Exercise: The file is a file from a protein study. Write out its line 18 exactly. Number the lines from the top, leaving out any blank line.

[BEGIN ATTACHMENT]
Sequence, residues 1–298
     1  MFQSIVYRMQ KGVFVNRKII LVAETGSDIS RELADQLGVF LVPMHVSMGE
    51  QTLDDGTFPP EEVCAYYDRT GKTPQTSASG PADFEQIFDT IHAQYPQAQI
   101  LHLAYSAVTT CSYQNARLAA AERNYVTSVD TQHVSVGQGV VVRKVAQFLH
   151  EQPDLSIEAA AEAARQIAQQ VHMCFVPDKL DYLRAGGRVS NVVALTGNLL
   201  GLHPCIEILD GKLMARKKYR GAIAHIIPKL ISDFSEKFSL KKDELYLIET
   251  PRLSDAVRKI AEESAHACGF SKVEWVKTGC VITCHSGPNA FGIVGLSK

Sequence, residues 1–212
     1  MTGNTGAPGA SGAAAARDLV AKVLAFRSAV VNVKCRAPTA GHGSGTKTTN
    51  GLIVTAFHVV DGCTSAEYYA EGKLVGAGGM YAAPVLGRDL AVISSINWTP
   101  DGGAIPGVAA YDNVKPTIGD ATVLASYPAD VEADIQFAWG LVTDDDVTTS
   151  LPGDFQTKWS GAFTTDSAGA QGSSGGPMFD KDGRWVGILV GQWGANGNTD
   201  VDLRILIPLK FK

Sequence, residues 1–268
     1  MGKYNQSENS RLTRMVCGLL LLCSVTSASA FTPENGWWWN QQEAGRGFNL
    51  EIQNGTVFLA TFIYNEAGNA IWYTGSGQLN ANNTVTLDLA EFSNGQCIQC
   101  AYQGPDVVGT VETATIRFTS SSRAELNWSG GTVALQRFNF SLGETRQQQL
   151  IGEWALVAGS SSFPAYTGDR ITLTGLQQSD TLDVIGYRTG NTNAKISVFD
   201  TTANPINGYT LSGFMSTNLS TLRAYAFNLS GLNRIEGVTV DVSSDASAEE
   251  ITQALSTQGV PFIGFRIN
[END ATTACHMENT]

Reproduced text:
   151  IGEWALVAGS SSFPAYTGDR ITLTGLQQSD TLDVIGYRTG NTNAKISVFD